Mr. Boswell Goes to Corsica: The surprising origins of modern democratic charisma (David A. Bell, May 11, 2016, Princeton Alumni Weekly)

On Oct. 13, 1765, a Scotsman landed on the northern tip of Corsica. He was just 25 years old, with a wide face; thick, well-groomed hair; and a ruddy drinker’s complexion. He was well dressed, and would have struck casual observers as just another well-off, dissipated young Briton guzzling his way through a Grand Tour of Europe. His name was James Boswell. Today, he is remembered as a great literary figure. His Life of Johnson virtually invented the modern art of biography. His vivid, intimately personal, sexually explicit London Journal, published for the first time only in 1950, provides an unforgettable portrait of a young man on the make and of his 18th-century milieu. But in 1765 he was still wholly unknown.

He was already, however, an extraordinary character. Although prone to spells of dark melancholy, he otherwise had an effervescent temperament that made him highly entertaining company. As he confided to his journal: “I am one of the most engaging men that ever lived.” He also was a man of enormous appetites. He ate well, drank to excess, and had already endured several bouts with the lifetime sparring partner he privately nicknamed “Signor Gonorrhea.” But he was hungry for knowledge and experience as well. During two years on the continent, he had visited the usual destinations of the British Grand Tourist — art collections, palaces, and picturesque ruins — but he also had spent considerable time in libraries and classrooms. And he had sought out another, unusual sort of tourist attraction: great men. He had set himself the goal of meeting Frederick the Great, Voltaire, and Jean-Jacques Rousseau, and while the Prussian monarch snubbed him, the two writers did not. At the end of 1764, Boswell had made his way to the remote Swiss village of Môtiers, and there practically besieged the reclusive Rousseau’s modest cottage until he won admittance. He later would repay Rousseau very badly for the favor by seducing his mistress, Thérèse Levasseur, but at the time he impressed the great writer with his wit and enthusiasm.

It was thanks to Rousseau that in 1765 Boswell set out for Corsica. For some four decades, the island had been fighting a slow-burning war of independence against its long-time overlord, the Italian Republic of Genoa (at the time, Italy was not yet a united country). The Corsicans had won Europe-wide attention for their supposed attachment to republican liberty, and Rousseau himself had praised them in his recently published Social Contract as the “one country in Europe which is fit to receive laws … .” Rousseau not only talked to Boswell about the island, but told him in glowing terms about its leader, a 45-year-old professional soldier named Pasquale Paoli. Since coming to power 10 years before, Paoli had brought peace to the perennially fractious Corsican clans, reorganized the island’s government and military, and even founded a press and a university, despite conditions of such poverty that he routinely scraped the ink off letters he received so as to reuse the paper. Here was another great man for Boswell to add to his collection, and the young Scot could not resist seeking out Paoli, despite the not-inconsiderable risk of falling prey to sea pirates or bandits, or being taken by the Corsicans for a spy.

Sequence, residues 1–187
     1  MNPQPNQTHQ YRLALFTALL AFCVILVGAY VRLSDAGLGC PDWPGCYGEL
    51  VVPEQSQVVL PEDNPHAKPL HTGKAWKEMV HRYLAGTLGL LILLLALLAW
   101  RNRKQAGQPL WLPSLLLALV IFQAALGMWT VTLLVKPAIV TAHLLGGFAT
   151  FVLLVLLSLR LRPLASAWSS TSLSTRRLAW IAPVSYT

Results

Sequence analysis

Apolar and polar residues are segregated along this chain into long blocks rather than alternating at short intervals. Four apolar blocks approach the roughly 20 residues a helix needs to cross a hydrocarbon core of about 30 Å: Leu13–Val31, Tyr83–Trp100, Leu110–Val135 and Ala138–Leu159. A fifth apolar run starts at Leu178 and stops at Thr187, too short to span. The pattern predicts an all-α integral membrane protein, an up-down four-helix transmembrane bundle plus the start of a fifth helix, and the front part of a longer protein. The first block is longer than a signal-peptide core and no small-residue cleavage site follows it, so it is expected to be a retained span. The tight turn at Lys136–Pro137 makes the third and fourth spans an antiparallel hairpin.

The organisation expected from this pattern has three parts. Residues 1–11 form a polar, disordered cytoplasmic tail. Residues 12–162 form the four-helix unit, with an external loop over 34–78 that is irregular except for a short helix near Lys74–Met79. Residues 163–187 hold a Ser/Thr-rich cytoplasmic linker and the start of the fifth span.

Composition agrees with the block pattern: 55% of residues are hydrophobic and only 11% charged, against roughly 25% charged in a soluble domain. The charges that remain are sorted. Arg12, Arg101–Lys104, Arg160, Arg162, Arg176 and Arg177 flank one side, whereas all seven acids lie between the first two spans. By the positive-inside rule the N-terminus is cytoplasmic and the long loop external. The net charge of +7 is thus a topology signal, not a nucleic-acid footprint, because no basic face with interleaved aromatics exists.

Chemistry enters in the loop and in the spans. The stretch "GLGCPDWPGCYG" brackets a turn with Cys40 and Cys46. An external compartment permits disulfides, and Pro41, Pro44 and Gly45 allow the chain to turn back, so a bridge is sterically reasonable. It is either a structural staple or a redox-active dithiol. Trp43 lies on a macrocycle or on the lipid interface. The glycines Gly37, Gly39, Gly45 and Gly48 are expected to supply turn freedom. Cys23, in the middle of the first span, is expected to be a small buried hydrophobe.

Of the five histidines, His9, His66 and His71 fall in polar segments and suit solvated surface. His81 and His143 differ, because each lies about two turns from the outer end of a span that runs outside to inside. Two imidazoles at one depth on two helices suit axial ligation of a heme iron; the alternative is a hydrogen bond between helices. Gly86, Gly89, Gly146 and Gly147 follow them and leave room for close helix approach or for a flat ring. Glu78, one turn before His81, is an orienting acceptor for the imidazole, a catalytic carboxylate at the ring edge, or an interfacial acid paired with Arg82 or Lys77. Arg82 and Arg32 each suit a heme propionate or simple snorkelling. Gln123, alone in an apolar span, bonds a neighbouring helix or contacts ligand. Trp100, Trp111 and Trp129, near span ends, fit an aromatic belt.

No pirates materialized, and Boswell suffered nothing worse on the two-day journey than fleas, vermin, and the dark warnings of the crew to stay away from their women (they clearly knew their man). He landed safely at the northern tip of the island, and then undertook a grueling, 120-mile trek southward, arriving more than a week later in the town of Sollacaro, where Paoli was staying. The Corsican leader initially reacted with suspicion, thinking that Boswell — who kept scribbling down detailed notes of everything he saw — had indeed come to spy. But soon enough, the Boswellian charm — plus a letter of introduction from Rousseau — produced the desired effect. And Paoli for his part realized that Boswell might prove useful in mobilizing British support for the rebellion. So he treated his visitor royally, feasting him, introducing him to Corsican clan leaders, allowing him to ride his own finely outfitted horse, and spending long hours in conversation with him. When, after nearly two weeks, Boswell began the long trip back to the mainland, Paoli gave him a series of rich gifts, including an elegant suit of clothes, a brace of pistols, and a dog. Boswell asked Paoli to write him letters, and to do so as a philosopher and man of letters. “He took me by the hand,” Boswell later wrote, “and said, ‘as a friend.’” Boswell nearly collapsed with pleasure.

Almost from the moment he landed back in Italy, Boswell started writing about Corsica and Paoli for London newspapers, and told everyone that his experiences on the island had left him a changed man.